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Concerns over annual New Year’s Day hunt

Times Echo and Life / All News / Concerns over annual New Year’s Day hunt
25 days, 8 hours agoNo Comments.
18 OCT

Concerns over annual New Year’s Day hunt

By timesecholife on in All News, Latest News

HUNT supporters have defended their sport after concerns regarding the traditional New Year's Day meet were raised at a meeting of Uttoxeter Town Council. The Meynell and South Staffordshire Hunt hosts a morning meeting every year on January 1, where participants gather at The Market Place in Uttoxeter town centre before setting off on the hunt which takes place on council-owned land. At Uttoxeter Town Council's meeting on Tuesday, October 8, a member of the public voiced her concerns about the event.

During the public participation, Jane Smith told the council: “I’m here in regards to the Meynell and South Staffordshire New Year morning meet.

I happened to be there this year and have serious concerns around public safety.

“Riders were given free alcohol and then sped through the crowd after drinking. It’s an accident waiting to happen.

“I’m concerned about bad publicity and that bad PR around this would come back on Uttoxeter as a result.

“I understand this is a county-level issue, but I’m fond of this town. It has so much going for it and such bad PR could adversely impact on Uttoxeter and it’s people.”

Later in the meeting, another councillor raised concerns about the welfare of wild animals in the hunt, saying: “I feel quite strongly that we should be highlighting this (animal welfare concerns) to the organisers, stating that we disapprove of any event that harms wildlife.”

The council concluded that they would write to Staffordshire County Councillor David Brookes and seek his comments on the matter.

Mr Brookes, who was present at the meeting, spoke to the Times and Echo about the worries Jane Smith had about the hunt.

He said: “The hunt is a very well-steered and extremely well-supported event. It’s a highlight of the social calendar.

As far as claims regarding alcohol is consumed before riding off; it is the part of the tradition of the hunt and to consume a very small measure of spirit before the hunt.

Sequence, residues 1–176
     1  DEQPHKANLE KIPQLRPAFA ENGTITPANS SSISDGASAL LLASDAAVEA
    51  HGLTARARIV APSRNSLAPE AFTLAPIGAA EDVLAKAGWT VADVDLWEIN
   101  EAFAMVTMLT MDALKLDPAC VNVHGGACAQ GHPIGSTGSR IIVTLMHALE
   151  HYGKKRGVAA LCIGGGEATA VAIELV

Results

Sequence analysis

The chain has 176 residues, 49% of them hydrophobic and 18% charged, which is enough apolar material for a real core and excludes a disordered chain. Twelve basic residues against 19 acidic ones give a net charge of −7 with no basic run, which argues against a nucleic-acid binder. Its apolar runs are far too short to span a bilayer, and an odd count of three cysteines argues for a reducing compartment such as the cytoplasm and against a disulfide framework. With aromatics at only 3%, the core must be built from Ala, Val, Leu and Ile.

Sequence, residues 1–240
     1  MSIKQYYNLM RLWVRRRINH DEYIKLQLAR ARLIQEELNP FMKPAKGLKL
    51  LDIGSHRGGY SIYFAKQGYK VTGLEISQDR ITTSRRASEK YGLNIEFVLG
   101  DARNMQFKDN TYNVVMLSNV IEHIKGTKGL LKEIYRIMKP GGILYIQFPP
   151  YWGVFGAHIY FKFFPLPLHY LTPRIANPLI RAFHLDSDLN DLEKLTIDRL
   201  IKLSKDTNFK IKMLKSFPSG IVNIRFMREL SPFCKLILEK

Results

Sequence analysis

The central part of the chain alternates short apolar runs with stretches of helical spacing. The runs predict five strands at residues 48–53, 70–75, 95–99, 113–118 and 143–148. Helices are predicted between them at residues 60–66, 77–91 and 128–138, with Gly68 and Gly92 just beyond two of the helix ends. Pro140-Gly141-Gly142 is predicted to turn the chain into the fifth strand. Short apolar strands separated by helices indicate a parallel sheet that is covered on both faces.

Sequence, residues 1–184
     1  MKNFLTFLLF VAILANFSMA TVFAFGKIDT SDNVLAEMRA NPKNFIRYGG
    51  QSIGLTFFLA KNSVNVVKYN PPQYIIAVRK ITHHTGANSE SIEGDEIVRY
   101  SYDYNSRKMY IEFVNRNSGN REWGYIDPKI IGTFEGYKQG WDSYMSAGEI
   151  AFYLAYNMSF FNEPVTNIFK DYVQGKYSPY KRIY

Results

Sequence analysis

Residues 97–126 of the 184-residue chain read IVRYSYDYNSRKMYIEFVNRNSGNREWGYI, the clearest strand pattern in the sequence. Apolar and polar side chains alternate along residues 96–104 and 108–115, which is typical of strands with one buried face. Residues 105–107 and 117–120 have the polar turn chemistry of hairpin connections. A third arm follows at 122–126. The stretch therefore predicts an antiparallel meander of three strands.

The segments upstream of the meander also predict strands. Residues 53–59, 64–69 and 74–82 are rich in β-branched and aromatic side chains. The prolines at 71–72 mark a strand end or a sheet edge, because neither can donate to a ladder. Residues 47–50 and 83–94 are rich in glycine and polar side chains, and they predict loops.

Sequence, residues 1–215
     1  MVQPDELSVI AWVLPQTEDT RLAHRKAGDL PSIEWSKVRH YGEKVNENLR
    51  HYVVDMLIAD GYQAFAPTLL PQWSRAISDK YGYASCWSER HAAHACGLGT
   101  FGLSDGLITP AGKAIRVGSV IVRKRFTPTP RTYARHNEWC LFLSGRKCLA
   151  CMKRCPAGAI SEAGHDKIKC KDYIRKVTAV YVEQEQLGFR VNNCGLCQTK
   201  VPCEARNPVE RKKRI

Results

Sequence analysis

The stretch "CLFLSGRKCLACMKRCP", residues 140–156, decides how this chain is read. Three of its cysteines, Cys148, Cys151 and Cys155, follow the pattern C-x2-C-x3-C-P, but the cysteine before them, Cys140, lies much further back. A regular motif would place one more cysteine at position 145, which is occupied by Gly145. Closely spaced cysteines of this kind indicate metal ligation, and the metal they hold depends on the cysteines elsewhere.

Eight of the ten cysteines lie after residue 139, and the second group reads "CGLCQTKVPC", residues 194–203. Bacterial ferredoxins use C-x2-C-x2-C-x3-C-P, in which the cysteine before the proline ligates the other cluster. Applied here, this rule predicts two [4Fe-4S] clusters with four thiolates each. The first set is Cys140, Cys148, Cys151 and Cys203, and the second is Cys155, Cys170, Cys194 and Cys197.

I welcome the hunt. It adds colour, vibrancy and brings the public into the town centre on a bank holiday.

When they leave Uttoxeter we follow a pre-laid trail. They don’t set out to do anything illegally and so long may the event continue.

As a rural country town, these sorts of events are vital. They also have buckets for charities at the event, so the attempt to stop this is churlish.

A lot of money is raised through this and often goes to vital services.”

In response to the concerns expressed in the town council meeting, Meynell and South Staffordshire Hunt told the Times and Echo: “The hunt has met in Uttoxeter for many years and hundreds of local people gather to see the hounds and horses while enjoying the festivities.

Although a large number of the followers are directly associated with the hunt, there are a lot of members of the public that attend this annual event.

The hunt is not responsible for the actions of everybody who happens to be in a public space in Uttoxeter on the day when hounds meet there, but we can assure residents that the hunt does not condone any form of anti-social behaviour.

Boxing Day, New Year’s Day and other meets held on council-owned land up and down the country have been specifically targeted over the past year following a dedicated campaign by the anti-hunting lobby.

It is therefore no surprise that this matter has been raised, as it has been in a number of other areas by those attempting to tarnish the reputation of hunts and their supporters.

Given the large number of wild mammals in the countryside it is inevitable that hounds will leave the trail scent from time to time, but we are very proud of the professionalism of our hunt staff and the training of our hounds.

The hunt’s legal activities take place, with the landowner’s permission, over a wide area of agricultural land and incidents of this kind are fortunately very rare so the disturbance to wildlife is minimal and certainly no more than is normal in the countryside on a daily basis.”

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